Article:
You know the saying about when life hands you lemons?

In a sense, New Albany and particularly the downtown area have been handed a lemon with the announced closing of Fred’s.

There is the loss of jobs for employees, many of whom have worked there a long time, and there is the loss of convenience for anyone who works or just happens to be in the downtown area.

How nice it has been to just walk across the street for many an everyday needed item instead of having to get in a vehicle and drive to the other side of town.

At this point we can’t do much about Fred’s. Its loss was pretty much inevitable from the time the company began trading profitable pharmacies for quick cash.

And it is unlikely that the niche Fred’s has filled will be filled by another business, although there is still some hope for that.

If there is any good that may come of this, it is that the city may be able to squeeze a bit of lemonade out of the situation.

For several years officials have talked about the need for new municipal facilities, especially a new police department and light, gas and water department.

While the police department is in the historic former city hall, the building is too small, inefficient, difficult to maintain and has various other shortcomings.

The light, gas and water department is actually in a building about as old as the city hall, but has fared better with renovation from its early days at the lone fire station.

Still, more room is needed.

So city officials have quietly been looking at land, considering building designs and putting feelers out.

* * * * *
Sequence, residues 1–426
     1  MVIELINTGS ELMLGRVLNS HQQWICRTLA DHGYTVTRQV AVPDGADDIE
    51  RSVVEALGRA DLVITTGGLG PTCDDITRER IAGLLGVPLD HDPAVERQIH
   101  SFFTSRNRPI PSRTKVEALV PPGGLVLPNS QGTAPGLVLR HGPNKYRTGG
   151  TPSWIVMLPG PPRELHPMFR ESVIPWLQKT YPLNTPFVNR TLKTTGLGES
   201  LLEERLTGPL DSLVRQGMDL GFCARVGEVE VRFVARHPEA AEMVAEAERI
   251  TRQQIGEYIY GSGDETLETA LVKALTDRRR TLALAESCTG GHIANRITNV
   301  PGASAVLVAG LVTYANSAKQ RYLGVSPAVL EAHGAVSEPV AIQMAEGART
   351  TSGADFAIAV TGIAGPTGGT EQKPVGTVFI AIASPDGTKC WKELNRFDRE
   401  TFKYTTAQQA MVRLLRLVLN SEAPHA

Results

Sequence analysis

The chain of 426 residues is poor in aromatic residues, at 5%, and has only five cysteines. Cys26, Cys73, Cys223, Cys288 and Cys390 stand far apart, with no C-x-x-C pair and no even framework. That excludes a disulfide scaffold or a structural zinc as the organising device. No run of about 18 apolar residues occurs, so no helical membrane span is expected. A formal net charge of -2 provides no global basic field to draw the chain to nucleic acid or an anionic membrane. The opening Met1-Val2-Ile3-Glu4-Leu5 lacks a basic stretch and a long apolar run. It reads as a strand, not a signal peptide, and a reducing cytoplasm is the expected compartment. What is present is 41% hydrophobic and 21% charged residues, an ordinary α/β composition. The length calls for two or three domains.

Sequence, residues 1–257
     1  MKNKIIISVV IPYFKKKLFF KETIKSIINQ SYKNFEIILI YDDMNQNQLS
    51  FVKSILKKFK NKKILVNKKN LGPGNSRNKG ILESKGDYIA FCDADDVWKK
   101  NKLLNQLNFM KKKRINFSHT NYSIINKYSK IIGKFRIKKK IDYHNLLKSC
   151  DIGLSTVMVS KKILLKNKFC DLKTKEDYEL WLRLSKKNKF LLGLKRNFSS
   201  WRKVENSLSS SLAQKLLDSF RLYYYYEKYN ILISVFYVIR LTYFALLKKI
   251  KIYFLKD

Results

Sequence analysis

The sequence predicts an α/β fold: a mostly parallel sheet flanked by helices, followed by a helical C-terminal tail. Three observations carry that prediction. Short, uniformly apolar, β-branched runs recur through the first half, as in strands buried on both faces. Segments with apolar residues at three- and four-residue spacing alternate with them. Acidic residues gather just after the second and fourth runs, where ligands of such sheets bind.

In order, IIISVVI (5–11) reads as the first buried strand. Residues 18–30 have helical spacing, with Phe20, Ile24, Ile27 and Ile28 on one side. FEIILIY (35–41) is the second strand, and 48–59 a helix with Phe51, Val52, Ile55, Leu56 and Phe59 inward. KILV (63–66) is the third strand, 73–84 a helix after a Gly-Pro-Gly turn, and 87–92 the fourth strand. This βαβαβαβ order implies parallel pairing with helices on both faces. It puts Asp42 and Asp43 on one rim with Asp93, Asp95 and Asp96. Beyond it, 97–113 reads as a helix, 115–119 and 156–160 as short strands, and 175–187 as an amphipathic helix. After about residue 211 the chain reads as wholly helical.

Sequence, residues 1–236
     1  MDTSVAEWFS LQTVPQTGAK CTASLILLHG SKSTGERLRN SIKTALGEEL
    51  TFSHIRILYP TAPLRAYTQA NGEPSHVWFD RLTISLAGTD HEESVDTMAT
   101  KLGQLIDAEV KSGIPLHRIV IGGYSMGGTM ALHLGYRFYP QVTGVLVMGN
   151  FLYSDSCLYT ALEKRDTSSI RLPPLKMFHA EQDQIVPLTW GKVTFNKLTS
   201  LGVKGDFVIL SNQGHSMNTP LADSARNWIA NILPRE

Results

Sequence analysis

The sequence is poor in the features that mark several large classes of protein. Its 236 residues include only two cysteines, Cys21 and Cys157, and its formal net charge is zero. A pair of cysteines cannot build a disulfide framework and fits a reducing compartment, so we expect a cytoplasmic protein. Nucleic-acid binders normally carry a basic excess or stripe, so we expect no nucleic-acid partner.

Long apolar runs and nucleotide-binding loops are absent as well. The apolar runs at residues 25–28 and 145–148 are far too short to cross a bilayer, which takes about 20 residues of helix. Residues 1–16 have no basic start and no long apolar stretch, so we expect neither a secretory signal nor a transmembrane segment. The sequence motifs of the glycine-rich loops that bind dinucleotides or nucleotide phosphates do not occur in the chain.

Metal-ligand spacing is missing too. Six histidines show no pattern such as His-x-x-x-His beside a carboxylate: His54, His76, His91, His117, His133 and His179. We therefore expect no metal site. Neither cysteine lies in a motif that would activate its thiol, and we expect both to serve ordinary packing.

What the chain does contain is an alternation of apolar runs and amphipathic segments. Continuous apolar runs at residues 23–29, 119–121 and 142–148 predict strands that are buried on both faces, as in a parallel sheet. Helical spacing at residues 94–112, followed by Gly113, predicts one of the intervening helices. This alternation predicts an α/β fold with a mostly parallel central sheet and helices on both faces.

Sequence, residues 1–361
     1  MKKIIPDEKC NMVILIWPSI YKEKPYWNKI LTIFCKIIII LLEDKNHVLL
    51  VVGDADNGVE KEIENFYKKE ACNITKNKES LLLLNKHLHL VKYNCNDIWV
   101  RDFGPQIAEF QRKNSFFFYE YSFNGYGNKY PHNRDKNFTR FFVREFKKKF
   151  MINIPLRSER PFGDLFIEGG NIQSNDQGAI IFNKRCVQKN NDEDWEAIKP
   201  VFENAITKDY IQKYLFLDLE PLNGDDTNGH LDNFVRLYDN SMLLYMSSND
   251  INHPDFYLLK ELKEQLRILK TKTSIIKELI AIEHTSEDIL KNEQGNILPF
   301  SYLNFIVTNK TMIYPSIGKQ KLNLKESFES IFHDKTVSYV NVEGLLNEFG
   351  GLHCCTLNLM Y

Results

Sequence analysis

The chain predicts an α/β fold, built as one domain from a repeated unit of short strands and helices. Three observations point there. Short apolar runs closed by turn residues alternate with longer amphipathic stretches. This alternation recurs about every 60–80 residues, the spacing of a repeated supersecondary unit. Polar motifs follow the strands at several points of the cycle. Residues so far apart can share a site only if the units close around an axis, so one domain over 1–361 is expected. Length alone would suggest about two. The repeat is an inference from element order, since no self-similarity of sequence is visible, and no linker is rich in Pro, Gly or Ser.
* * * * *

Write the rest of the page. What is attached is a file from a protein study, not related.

Then came the “for sale” sign in front of Fred’s.

It occurred to most that the building is large enough for a police department, courtroom and utilities office. It is conveniently located and has plenty of parking.

Of course the building would need considerable renovation and it is in the flood plain so a study would need to confirm it has not and is not likely to actually flood.

The asking price is about $700,000 and the city has offered considerably less than that, but the question is who else would be interested in that building under the present circumstances.

While it would cost quite a bit to renovate, the alternative would be to spend likely several hundred thousand dollars on property and, according to the mayor’s estimate, as much as two to three million dollars each for the two needed buildings.

It may not work out, but if it does, the loss of Fred’s could indirectly benefit the taxpayers of New Albany greatly.

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